Assessment information, records of incidents and successful interventions and staff comments are just some of the essential pieces of evidence you will need to plan the way forward with challenging students. How time-consuming is this step for you, and how accessible is the evidence?

Collecting and providing evidence of the problem
One of the first, and most essential, steps you will need to make when planning a successful course of action to manage challenging behaviour, is to collect and provide evidence of the problem as perceived by you, the student, other members of staff and possibly parents/carers. In attempting to clarify the nature of the problem, or if requesting help from colleagues or outside agencies, you will certainly be asked to provide some or all of the following pieces of information:

1. When the problem behaviour is occurring (time of day/during certain lessons/activities).2. Whether the problem behaviour changes when the student is with different members of staff.3. Description of the problem behaviour4. The views of the student in response to your concerns.5. Responses or interventions you have tried already.6. A record of observations of the problem behaviour made in a variety of contexts and over a period of time.7. Which interventions have had a positive effect on the problem behaviour.8. Which interventions have had a negative effect on the problem behaviour.9. Records of the views of other members of staff.10. Records of the views of parents and/or carers.11. How long the problem behaviour has been going on.

12. Any specific triggers for the problem behaviour.

The list above can seem quite daunting at first sight, especially if you are already thinking, ‘Where can I find all that information? How up-to-date and accurate is the information I do have?’

Added to the issue of accessing evidence is also the problem of whether the evidence is objective – based on accurate and dated observations and records – or subjective – based on emotional responses to the student’s behaviour. It is often fascinating to compare evidence provided by colleagues, the student and their parents, as when viewed collectively you could be fooled into thinking they were describing more than one student! So what are the key points to collecting accurate evidence, and how can we make it a simple step in responding effectively to challenging behaviour?

Practical Tips
Rather than attempting to collect evidence as listed above in a real, and often stressful, situation, pick a student at random and see how easy it is to access the information, making a note of how long it takes and how you feel while you are doing it.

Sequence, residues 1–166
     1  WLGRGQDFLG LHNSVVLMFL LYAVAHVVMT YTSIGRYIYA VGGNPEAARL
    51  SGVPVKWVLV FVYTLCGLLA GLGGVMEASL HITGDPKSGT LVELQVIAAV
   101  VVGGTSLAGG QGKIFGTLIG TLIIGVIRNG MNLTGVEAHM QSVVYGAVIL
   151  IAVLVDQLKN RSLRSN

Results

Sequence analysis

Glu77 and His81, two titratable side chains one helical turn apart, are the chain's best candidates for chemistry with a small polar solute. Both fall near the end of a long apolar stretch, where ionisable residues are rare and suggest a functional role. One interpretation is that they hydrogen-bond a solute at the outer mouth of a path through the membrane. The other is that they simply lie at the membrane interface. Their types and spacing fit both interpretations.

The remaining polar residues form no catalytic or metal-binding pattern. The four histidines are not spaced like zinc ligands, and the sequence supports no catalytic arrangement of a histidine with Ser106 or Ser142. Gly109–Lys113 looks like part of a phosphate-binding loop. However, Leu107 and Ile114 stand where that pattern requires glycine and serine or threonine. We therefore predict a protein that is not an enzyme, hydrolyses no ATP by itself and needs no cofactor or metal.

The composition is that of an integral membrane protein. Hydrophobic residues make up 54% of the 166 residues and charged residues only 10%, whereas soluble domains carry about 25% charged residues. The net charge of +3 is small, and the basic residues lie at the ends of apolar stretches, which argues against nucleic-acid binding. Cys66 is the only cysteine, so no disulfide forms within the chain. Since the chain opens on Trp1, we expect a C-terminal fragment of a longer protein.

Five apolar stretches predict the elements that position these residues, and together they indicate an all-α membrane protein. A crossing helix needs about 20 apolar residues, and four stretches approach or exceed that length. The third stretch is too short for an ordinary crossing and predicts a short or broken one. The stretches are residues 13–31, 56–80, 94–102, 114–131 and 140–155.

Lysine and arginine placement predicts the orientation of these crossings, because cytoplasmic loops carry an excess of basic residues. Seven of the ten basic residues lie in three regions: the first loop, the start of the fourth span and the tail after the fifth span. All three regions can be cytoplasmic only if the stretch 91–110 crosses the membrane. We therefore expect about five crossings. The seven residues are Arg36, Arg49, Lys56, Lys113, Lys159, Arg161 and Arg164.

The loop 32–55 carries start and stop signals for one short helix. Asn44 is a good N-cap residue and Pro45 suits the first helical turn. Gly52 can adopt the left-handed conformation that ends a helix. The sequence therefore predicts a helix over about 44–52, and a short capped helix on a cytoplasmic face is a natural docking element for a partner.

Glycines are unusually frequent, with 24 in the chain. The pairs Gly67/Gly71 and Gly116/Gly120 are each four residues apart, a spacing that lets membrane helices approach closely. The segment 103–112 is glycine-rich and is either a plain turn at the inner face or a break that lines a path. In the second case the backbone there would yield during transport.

Running this hypothetical collection of information and evidence will likely result in some of the information being quick and easy to obtain, some of it being up-to-date and some of it being accurate and objective, including dates and signatures. Some (hopefully not all) parts of the exercise may prove incredibly difficult and subjective, and in some cases simply carrying out the process will be viewed as professionally challenging. When asked for evidence and information it is possible that some colleagues and parents may see your questions as a personal affront or criticism of their own skills.

Once you have completed the dummy run of collecting evidence, use the exercise as an audit of the systems in your school. How much of the information needed was available:

a. electronically?b. by word of mouth?c. hidden away in filing cabinets?d. via email?

e. on scraps of paper sent to you?

When collecting evidence provided by the student, is there a student file containing details of rewards given, sanctions or consequences used? During the period leading up to the collection of evidence there will inevitably have been meetings with the student and/or parents. Think sheets may have been completed by the student while held back after class or during detention sessions after school. Have these documents been kept and are they included (with dates) in the personal file?

To effectively problem-solve difficult or challenging behaviour, it is vital that all of the above is available to you. Not only will you be focusing on creating an effective plan of intervention, but you will also require information to form a baseline assessment of the problem. The type of evidence you collect will help you become effective in your responses as well as providing the necessary information to show the progress the student has made. If the systems you are currently working with make the evidence collection stage difficult, laborious, inaccurate and frustrating, then you may find that all your energy and enthusiasm has vanished before you even get to the practical step of making a difference in the classroom.

This e-bulletin issue was first published in October 2009

About the author: Dave Stott has nearly 30 years’ teaching experience including seven years as a headteacher. He has worked in mainstream and special schools and Local Authority Behaviour Support Services, and is now a writer, consultant and trainer.

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